Meeting privately with US, Iran suggests more time for nuclear talks

Islamic Republic says negotiations over its disputed nuclear program may need to be extended by six months if July 20 deadline is not met.

June 9, 2014 21:56
4 minute read.
Iranian Foreign Minister Mohammad Javad Zarif

Iranian Foreign Minister Mohammad Javad Zarif . (photo credit: Reuters)

Senior American and Iranian officials spent over five hours together in private meetings in Geneva on Monday, jointly seeking a path forward in negotiations over Iran's nuclear program only six weeks before a self-imposed deadline on talks aimed at ending the crisis.

At the bilateral meeting, and in quotes placed in state-run Iranian media, Islamic Republic officials suggested world powers may have "no choice" but to extend the negotiations past the July 20 deadline. Talks have stalled over specific Western requests of Iran to dismantle key components of its vast nuclear infrastructure.

The US, United Kingdom, France, Russia, China and Germany agreed with Iran last fall to halt the crisis, and negotiate towards a comprehensive agreement to the longstanding impasse. International powers suspect Iran's nuclear program has military dimensions.

The interim deal reached last fall— formally known as the Joint Plan of Action— grants negotiators the ability to extend talks for six months after the July 20 deadline, should all parties consent.

"We hope to reach a final agreement (by July 20) but, if this doesn't happen, then we have no choice but to extend the Geneva deal for six more months while we continue negotiations," Deputy Foreign Minister Abbas Araqchi said, according to Iran's state-run news agency.

"It's still too early to judge whether an extension will be needed," Araqchi added. "This hope still exists that we will be able to reach a final agreement by the end of the six months on July 20."

EU officials sat in on parts of Monday's meeting between the US and Iran, which will continue Tuesday morning. The US and Iran only restarted bilateral relations in 2013 after decades of silence between the two governments, prompted by the Iranian Revolution in 1979.

"We've always said that we would engage the Iranians bilaterally," State Department deputy spokeswoman Marie Harf told reporters in Washington on Monday. No press conferences were scheduled in Geneva after the meetings. "We also said that there was going to be an intensification of diplomatic efforts."

Harf said that the US continues to work towards the July 20 deadline in the hopes of reaching a comprehensive plan of action.

In Herzelia, Israeli officials weighed in on the intensifying nuclear talks, with some suggesting the Iranians are seriously interested in a diplomatic solution and with others warning against a "bad deal" for the international community.

"We are worried about the negotiations, but we are also hopeful," Strategic Affairs Minister Yuval Steinitz told the 2014 Herzliya Conference on Monday.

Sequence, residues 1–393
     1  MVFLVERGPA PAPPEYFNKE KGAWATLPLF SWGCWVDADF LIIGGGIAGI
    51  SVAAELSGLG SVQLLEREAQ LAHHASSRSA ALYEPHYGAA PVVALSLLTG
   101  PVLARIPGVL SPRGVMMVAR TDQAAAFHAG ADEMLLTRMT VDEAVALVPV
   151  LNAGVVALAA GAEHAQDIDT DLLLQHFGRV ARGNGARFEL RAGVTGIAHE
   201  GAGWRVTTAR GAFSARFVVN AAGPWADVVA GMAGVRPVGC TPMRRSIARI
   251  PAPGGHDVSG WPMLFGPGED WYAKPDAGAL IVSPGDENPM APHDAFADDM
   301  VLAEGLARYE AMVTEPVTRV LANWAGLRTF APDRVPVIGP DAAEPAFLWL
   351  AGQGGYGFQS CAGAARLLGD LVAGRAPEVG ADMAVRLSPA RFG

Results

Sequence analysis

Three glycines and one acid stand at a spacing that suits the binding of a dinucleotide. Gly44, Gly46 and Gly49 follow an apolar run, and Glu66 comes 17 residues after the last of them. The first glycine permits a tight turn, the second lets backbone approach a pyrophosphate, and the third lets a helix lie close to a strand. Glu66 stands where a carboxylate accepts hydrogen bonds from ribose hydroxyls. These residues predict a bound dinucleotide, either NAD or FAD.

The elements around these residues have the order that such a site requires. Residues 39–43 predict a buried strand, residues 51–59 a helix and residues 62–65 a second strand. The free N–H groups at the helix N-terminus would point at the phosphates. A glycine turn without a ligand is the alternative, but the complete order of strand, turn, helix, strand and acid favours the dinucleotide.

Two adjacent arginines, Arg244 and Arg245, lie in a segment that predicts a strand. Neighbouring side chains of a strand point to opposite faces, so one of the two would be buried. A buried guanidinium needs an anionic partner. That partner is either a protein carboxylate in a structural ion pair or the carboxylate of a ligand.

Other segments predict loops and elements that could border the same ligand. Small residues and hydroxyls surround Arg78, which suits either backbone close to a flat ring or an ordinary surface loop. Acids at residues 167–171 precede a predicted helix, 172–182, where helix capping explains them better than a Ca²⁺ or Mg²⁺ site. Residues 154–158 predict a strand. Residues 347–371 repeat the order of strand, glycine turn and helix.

An agreement that rids Iran of enriched uranium is obviously the best outcome, he said. But he is worried that the agreement that emerges would allow Iran to be a threshold nuclear state. “An international agreement that leaves Iran on the threshold of nuclear capability is worse than no agreement at all," Steinitz said.

"What is now at hand is not just the fate of Israel in the Middle East but the fate of the world," he said.

"When we speak to our allies, the Americans, we stress the main point is to prevent Iran from being on the threshold," he said.

If Iran is left on the threshold, he said, "Sooner or later Iran will reach nuclear capability, just like North Korea, which signed many agreements. Two or three years later, it broke through to nuclear weaponry. Today, we know it has 5-12 nuclear missiles."

A bad agreement would embolden other states to seek nuclear weapons without concern for sanctions, Steinitz said. "They will say, if it's possible for Iran to be considered legitimate and on the threshold of nuclear capability, why not give the same to Saudi Arabia, Egypt, Algeria, or Turkey?"

"When we look at the political negotiations, we are not against it, but we watch with concern," he said. "Always, we remind them that they need to ask themselves the same question – what will the Middle East look like in 10 years. The future is going to arrive, quicker than you think."

Another Israeli official said that the government of Prime Minister Benyamin Netanyahu is “concerned that the P5+1 is going to go and for a deal that allows Iran to freeze its program as a threshold nuclear state.”

“Freezing the Iranian nuclear program at a threshold level would be a historic mistake,” the official said.

With North Korea as an example of how negotiations can go awry the international community must ensure that all enriched uranium is removed from Iran.

“The international community must demand of Iran that it dismantle its military nuclear program, end all uranium enrichments, eliminate existing stock piles of of enriched uranium and end weaponization and it missile program,” the official said.

Iran can maintain a civilian nuclear program without any of these things, the Israeli official said.

Reuters contributed to this report.

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